Banks prove they need a strict baby sitter


As Sen. Christopher J. Dodd unveiled a sweeping plan last week to overhaul regulation of the banking industry, and as the banking industry complained loudly that this would be a horrible idea, I couldn’t help but think of Silver Lake resident Jonathan Leahy.

Leahy, 31, had shared with me a couple of letters he received recently from Chase Bank regarding his two different Chase credit cards. Both letters arrived the same day.

One said that “we are pleased to let you know that your revolving credit access . . . has been increased to $10,300” -- a reward for Leahy being such a good credit risk.

The other letter informed Leahy that “after careful consideration, we have decreased the credit line on . . . your account to $1,000.” One reason given was that he had too little credit available on his other bank cards.

Two cards, same issuer, same cardholder. If big banks had a sense of humor, I’d swear Chase was joking with Leahy.

But they don’t. What banks have is an unfailing instinct to shoot first and ask questions later, to give with the left hand while the right hand takes away, and to vigorously oppose all manner of parental supervision no matter how big a mess they make.

A Chase spokeswoman declined to speak with me about the mixed messages to Leahy.

Leahy himself wasn’t as reticent. “The cynic in me says they’re just trying to push me from a card with terms that are more favorable for me to a card with terms that are more favorable for them,” he said.

“But it could also be that they’re just dumb.”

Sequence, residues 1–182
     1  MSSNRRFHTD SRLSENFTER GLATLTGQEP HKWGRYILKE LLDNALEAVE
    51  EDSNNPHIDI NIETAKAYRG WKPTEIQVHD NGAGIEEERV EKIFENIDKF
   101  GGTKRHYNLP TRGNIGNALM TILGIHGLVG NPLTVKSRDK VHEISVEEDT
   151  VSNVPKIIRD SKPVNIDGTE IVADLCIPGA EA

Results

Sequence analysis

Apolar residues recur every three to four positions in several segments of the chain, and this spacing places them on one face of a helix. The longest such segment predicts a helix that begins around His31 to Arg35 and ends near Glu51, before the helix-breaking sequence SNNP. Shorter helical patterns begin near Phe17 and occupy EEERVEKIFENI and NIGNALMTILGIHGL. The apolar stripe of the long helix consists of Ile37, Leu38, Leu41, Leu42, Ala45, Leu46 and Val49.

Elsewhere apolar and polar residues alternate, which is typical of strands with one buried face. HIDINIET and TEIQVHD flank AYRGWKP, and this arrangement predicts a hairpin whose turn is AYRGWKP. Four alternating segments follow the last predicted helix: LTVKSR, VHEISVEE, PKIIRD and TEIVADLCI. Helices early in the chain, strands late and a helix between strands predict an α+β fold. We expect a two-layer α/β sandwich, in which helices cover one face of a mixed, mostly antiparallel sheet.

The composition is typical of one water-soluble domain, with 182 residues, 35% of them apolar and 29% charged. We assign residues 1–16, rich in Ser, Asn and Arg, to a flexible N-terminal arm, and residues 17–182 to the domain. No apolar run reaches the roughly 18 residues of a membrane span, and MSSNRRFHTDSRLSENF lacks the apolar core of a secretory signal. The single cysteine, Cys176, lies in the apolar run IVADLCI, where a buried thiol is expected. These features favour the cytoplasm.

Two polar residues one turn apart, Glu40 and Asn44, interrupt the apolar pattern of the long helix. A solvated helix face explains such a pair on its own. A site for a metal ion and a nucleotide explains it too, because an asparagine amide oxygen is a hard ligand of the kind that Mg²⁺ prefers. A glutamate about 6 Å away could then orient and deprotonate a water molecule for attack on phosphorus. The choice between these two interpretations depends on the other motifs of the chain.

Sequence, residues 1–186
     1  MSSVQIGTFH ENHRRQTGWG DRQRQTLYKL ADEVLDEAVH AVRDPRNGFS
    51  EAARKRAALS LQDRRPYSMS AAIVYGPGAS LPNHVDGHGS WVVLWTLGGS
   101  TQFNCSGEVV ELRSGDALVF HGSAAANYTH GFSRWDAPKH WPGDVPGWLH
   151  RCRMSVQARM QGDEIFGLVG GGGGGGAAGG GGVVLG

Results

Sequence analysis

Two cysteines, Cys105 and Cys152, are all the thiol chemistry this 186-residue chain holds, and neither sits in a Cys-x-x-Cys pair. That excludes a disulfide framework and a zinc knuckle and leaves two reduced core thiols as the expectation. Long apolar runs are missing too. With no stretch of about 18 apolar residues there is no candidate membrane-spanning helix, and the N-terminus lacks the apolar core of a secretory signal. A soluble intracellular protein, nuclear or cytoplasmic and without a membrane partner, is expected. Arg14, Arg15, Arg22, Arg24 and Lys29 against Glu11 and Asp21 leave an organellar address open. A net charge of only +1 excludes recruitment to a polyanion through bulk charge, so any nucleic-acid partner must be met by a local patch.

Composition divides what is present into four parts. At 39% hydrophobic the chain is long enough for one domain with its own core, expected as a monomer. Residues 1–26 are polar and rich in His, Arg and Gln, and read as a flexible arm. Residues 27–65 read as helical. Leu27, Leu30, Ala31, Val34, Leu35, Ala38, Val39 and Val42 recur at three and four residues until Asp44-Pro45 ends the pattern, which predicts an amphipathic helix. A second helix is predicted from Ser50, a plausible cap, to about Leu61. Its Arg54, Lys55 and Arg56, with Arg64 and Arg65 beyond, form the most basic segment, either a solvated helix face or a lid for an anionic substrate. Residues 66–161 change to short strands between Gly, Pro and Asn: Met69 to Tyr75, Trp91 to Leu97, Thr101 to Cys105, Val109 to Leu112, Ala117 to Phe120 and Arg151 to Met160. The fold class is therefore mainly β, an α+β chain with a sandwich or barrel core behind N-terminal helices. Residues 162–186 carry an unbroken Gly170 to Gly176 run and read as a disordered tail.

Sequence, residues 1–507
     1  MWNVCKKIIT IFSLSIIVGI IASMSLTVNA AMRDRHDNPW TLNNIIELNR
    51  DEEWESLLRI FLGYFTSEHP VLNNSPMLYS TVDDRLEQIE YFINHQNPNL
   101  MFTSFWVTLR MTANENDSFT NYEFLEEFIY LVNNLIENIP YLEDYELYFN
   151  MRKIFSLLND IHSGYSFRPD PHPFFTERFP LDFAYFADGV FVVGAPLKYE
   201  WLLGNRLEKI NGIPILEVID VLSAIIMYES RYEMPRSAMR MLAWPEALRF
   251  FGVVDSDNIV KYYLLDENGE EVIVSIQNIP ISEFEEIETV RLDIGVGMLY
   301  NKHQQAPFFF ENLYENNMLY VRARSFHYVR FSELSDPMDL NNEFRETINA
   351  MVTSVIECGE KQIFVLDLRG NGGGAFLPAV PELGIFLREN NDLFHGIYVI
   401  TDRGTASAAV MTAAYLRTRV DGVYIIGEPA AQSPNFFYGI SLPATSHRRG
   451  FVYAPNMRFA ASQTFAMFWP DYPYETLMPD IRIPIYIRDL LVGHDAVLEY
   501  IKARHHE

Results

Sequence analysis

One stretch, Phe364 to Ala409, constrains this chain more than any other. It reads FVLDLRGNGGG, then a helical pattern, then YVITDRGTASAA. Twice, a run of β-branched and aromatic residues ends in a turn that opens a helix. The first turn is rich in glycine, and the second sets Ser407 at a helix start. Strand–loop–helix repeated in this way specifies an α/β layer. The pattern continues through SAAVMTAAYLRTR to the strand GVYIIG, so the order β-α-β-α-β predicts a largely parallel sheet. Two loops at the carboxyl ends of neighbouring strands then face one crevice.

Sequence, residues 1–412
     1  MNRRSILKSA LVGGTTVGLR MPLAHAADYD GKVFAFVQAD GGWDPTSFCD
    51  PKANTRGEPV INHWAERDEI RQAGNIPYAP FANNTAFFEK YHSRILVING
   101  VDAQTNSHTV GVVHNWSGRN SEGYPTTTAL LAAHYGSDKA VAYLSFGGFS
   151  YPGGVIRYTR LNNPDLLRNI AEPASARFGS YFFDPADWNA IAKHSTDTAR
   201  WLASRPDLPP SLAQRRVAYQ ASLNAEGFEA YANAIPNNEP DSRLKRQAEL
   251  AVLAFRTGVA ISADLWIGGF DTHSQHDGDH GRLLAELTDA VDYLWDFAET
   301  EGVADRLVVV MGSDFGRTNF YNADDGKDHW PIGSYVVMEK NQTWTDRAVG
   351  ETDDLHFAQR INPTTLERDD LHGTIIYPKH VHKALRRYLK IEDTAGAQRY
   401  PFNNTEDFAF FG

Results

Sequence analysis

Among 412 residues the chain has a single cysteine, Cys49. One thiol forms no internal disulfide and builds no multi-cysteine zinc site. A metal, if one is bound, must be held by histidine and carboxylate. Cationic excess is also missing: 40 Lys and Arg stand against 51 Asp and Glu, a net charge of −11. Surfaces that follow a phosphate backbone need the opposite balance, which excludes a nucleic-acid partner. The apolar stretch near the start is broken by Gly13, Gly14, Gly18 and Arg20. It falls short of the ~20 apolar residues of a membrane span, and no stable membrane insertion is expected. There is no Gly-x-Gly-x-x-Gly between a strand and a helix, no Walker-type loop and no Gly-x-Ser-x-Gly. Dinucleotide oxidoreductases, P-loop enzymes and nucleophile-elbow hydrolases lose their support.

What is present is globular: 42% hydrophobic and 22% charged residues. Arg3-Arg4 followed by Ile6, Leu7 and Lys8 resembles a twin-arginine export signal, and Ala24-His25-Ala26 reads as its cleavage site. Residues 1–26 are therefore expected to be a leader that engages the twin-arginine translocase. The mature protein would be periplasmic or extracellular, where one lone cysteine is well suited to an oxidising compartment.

Whatever the reason, this is an industry that would clearly benefit from increased oversight.

Dodd, chairman of the Senate Banking Committee, introduced legislation that would create a single banking regulator, relieving the Federal Reserve and the Federal Deposit Insurance Corp. of many of their bank-watching responsibilities. It would also do away with the Office of the Comptroller of the Currency and the Office of Thrift Supervision, and absorb all relevant divisions of the Treasury Department into a new Financial Institutions Regulatory Administration.

“Our proposal will replace the myriad government agencies that failed to rein in risky schemes with a single, accountable federal banking regulator,” Dodd (D-Conn.) told reporters in Washington.

As he pointed out, this would make the regulatory structure more efficient and prevent banks from “shopping around” for the most lenient baby sitter. I buy that.

Like similar legislation in the House, Dodd’s bill would also create a Consumer Financial Protection Agency to ensure that holders of various bank loans, from credit cards to mortgages, are safeguarded from potentially abusive and deceptive industry practices.

Moreover, it would allow states to impose stricter consumer-protection regulations than included in federal law.

The American Bankers Assn. wasted no time in depicting Dodd’s proposal as doing more harm than good.